But there were other consequences of the Western (and Eastern) inaction as well. There were very high ranking German soldiers plotting several coups against Hitler in the 30s; the inability of the Western powers to stand up to him (even diplomatically) meant that Hitler was insanely successful domestically, which pulled the rug from under the plotters. Had Hitler ran into a wall of resistance when he tried to run over parts (then all) of Czechoslovakia, there would have been a military coup deposing him, as it would have given the plotters an opening (just as the losing military situation did for Stauffenberg et al). Again: choosing the lesser evil led to an even greater one.

And the list goes on. By choosing the “lesser evil” options the world arrived to the global war where 60 million perished.

Now, this could not have been predicted. Chamberlain could not have known what his signature would bring. I am talking about why it was wrong for him (and others ) to choose the lesser evil, and on the long run why it seems like a self-defeating strategy. Perhaps it is something people can think about when they make their choices.

Ever since my daughter have been able to actually do more than eat, poop and sleep, I was astonished by the intelligence behind her eyes. Don’t get me wrong, I do not propose she is some extremely bright, exceptional baby (well, she is, but you know…).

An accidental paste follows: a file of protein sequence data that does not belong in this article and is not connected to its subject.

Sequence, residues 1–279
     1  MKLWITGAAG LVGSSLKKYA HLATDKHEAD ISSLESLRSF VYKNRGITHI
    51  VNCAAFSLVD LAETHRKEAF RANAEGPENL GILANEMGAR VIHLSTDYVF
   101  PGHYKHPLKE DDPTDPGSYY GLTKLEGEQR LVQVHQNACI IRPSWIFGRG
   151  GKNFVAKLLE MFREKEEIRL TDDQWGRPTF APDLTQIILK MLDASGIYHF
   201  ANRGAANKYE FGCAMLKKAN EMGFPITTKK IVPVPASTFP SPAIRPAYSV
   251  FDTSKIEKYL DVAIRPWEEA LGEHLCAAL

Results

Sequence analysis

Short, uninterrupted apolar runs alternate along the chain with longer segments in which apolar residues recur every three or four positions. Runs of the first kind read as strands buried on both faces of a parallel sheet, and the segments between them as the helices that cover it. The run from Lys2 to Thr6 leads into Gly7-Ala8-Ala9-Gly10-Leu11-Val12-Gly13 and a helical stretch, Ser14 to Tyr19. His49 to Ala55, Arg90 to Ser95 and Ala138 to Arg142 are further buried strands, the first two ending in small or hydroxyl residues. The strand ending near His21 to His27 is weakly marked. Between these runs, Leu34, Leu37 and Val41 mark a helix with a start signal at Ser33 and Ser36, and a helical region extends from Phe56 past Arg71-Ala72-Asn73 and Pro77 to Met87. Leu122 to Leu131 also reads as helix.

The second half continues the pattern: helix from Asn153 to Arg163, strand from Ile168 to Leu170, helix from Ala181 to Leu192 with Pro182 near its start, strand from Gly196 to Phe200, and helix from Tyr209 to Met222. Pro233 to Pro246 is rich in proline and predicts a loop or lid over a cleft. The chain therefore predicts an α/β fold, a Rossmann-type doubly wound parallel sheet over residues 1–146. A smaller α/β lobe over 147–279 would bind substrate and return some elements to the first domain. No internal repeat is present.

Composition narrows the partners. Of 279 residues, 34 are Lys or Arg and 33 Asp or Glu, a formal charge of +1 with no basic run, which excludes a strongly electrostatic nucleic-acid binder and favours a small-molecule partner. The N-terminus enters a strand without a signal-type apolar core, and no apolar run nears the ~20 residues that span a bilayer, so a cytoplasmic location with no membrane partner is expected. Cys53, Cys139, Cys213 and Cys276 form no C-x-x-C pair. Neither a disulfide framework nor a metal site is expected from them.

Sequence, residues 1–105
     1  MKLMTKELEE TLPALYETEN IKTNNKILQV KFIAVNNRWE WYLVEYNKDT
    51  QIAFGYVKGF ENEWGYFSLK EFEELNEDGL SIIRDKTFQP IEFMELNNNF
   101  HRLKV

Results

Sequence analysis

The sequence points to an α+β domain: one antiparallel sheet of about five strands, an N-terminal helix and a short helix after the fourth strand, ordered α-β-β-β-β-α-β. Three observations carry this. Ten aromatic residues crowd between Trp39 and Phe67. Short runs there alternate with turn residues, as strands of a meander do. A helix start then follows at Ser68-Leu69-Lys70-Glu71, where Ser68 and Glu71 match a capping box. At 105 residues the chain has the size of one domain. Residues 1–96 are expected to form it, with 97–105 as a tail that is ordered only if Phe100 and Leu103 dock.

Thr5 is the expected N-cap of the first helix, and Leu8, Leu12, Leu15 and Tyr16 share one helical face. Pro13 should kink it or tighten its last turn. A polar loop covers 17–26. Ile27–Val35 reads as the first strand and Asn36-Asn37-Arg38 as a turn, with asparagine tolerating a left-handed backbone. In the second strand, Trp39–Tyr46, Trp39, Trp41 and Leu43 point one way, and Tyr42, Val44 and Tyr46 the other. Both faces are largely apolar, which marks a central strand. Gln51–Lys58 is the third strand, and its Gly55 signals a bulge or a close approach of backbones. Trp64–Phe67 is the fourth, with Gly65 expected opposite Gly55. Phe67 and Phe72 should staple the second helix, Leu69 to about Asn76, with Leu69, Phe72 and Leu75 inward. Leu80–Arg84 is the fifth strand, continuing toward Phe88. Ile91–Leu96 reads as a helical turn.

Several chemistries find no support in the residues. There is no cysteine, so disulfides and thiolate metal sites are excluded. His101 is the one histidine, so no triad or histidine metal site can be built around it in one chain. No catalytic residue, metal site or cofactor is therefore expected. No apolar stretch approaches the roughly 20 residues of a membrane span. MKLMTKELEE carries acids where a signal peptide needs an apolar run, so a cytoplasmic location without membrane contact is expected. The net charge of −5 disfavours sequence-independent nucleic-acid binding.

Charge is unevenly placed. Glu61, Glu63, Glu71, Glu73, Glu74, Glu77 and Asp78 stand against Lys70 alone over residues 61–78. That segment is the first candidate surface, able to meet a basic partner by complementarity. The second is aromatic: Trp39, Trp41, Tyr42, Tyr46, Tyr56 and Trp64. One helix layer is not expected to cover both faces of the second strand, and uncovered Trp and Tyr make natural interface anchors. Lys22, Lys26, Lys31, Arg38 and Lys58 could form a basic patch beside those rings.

My preconceptions before having a baby were that they were essentially kind of like little dumb animals who get progressively smarter and smarter as they grow and mature until you end up with an annoying, loud little kid. What I see, however, is more like having a tiny little alien who is essentially an explorer on this planet. You can see that she is learning how to use her little body, and who is very keen to explore her surroundings; it does not feel at all like she is less intelligent than I am. She may know less, and she may not have as much experience as I do, but it does not mean she is stupid or incomplete. It really feels like there is a complete little person inside this baby I can connect with, interact with in a very deep, meaningful way. She has her own sense of humor, she has her preferences, her likes, and she really does know what she wants to do, how and when. And what makes me really sad that this little person inside her will change as time passes. Not necessarily develop – change. Her happy disposition, her sense of wonder of the world, her trust in people will change as she gets her experiences of life: the slaps, the small and big betrayals, the disappointments – she will have to build up the shell that protects her just like everyone else does. And if I am not careful as a parent, it will completely change this amazing little alien explorer. I will do my best to make sure it will not happen; she will be happier for it.